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Reasons you might need to modify your child custody order

Your divorce was finalized two or three years ago when your children had different needs. Now, you want to change the child custody or visitation agreement to better reflect your current situation. In general, if both parents agree in writing to the changes, you may not have to go to court to change the agreement. However, when you and the other parent cannot agree or there is serious interference in your visitation schedule, you may need to take the matter before a judge.

What justifies a modification?

The court will look at many factors when changing a custody and visitation schedule. The key element is always the best interest of the child. You might need to change your agreement if:

  • Your work schedule changes.
  • You move to be closer to the child or relocate farther away.
  • The other parent is preparing to move outside the geographic area where the child has lived.
  • The other parent is not acting responsibly - for instance, getting the child to school late, engaging in substance abuse or criminal activity, etc.
  • Your child's preference changes. In California, a child who is at least 14 must be allowed to address the court as to his or her wishes pertaining to custody, but the court can also listen to younger children if it chooses.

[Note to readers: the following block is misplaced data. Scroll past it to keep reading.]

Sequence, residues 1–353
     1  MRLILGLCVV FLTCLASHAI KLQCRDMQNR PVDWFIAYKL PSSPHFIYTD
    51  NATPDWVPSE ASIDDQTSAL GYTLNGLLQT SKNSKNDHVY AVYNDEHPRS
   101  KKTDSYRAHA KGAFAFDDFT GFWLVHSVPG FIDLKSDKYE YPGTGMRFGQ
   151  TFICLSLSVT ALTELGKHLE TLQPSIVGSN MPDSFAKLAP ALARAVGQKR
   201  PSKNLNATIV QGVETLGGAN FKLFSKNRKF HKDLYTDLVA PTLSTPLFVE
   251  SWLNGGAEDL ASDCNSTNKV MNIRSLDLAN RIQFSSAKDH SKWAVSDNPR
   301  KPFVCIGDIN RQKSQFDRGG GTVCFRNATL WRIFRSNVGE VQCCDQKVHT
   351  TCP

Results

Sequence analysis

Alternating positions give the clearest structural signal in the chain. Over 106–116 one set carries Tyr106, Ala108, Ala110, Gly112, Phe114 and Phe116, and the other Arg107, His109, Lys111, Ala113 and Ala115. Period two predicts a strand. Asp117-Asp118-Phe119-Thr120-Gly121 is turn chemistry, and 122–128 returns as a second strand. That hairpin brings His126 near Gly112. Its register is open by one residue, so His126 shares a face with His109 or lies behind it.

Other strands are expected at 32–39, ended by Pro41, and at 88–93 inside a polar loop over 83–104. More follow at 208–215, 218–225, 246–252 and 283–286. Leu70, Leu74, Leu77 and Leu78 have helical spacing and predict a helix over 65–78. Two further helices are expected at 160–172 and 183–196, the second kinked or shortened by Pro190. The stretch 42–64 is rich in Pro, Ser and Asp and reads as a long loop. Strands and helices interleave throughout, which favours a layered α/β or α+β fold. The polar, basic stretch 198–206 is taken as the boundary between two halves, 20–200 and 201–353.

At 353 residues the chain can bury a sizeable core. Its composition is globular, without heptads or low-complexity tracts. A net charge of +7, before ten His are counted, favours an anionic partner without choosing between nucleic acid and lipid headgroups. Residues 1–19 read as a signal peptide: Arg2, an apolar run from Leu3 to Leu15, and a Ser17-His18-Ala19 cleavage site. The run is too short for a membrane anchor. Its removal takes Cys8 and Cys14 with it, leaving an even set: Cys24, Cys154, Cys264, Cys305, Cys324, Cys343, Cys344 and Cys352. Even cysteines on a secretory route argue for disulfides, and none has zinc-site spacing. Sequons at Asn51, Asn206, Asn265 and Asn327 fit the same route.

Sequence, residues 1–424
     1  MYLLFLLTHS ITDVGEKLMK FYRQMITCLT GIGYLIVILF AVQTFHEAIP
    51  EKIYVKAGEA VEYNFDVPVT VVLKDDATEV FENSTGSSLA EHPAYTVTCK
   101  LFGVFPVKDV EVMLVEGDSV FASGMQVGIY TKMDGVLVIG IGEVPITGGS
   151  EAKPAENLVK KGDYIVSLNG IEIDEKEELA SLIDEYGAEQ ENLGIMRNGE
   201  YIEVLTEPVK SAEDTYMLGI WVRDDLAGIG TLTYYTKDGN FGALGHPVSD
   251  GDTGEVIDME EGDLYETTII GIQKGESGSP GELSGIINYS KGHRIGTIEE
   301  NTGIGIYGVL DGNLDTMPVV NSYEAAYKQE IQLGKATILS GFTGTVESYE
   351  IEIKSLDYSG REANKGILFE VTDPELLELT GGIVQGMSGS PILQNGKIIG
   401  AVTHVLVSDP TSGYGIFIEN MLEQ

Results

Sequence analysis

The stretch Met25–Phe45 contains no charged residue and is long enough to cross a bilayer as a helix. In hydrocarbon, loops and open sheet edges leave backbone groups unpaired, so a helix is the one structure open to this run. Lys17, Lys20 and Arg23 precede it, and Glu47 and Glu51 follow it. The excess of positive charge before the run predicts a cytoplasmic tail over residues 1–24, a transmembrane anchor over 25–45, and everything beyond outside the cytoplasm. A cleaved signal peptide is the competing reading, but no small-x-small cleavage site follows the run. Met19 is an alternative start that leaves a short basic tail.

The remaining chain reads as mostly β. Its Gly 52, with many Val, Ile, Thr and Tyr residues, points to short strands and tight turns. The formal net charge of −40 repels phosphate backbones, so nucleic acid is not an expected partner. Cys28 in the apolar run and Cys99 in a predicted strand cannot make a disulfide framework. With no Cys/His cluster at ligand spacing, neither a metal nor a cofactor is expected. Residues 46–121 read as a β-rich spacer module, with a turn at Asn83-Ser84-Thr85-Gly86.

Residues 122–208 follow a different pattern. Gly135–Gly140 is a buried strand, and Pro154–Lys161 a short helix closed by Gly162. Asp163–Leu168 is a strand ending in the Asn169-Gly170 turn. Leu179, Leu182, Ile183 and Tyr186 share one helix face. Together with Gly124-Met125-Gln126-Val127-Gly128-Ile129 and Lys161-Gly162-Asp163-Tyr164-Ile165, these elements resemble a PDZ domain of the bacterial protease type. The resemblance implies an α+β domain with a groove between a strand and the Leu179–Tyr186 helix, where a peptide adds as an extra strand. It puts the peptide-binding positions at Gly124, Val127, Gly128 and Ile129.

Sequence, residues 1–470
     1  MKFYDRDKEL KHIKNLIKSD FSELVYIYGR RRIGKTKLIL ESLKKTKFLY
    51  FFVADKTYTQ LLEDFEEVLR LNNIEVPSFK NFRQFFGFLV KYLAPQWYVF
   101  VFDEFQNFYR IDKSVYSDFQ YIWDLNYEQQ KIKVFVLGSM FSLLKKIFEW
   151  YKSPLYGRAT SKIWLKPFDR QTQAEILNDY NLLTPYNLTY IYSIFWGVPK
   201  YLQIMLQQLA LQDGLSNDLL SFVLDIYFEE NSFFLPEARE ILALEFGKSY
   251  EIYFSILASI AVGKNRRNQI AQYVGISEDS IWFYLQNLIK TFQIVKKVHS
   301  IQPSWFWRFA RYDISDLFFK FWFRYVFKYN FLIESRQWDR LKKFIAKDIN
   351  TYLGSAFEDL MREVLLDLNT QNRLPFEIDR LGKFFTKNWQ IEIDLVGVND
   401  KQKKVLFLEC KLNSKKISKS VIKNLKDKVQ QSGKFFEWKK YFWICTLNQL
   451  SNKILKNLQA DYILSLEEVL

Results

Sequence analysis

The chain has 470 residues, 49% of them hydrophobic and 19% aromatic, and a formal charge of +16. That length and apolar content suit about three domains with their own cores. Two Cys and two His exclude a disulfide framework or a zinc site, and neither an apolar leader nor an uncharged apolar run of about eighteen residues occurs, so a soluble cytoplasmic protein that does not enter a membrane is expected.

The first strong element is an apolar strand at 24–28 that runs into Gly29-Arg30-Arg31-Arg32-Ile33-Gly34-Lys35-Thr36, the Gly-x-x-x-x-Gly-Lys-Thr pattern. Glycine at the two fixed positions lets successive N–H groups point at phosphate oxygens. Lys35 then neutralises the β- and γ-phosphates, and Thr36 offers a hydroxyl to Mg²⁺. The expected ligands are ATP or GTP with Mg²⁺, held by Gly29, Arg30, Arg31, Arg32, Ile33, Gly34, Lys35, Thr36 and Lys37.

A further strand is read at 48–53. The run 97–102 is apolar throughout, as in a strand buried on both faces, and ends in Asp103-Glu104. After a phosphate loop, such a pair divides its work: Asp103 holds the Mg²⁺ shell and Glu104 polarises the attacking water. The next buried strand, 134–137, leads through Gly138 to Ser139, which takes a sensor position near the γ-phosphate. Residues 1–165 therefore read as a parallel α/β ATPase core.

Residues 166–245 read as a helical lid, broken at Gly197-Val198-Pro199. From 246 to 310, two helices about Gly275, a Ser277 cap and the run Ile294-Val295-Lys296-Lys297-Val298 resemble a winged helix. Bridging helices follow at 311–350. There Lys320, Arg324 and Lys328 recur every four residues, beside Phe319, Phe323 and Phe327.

Martin Luther King Jr. once said, "Change does not roll in on the wheels of inevitability, but comes through continuous struggle." The family court system does not process change very quickly. It is important to recognize that making a modification to your child custody arrangement might be a long process. Do not be discouraged if you have to wait a few months, especially when you know that you will be rewarded by having a bigger role in your child's life.

Consult an experienced attorney

When you work with an attorney who understands California family law, you may be able to find alternative solutions to your child custody modification that do not mean litigation. You may need to redefine your parenting plan with the other parent and a mediator to meet the best interests of the child.

It is always best to try and work out child custody and visitation with the other parent without getting the court involved. Children benefit when parents can work together to find a solution. If that is not possible, a third party can help you communicate your position with the other parent or the court. Your child deserves two parents who are each part of his or her life.

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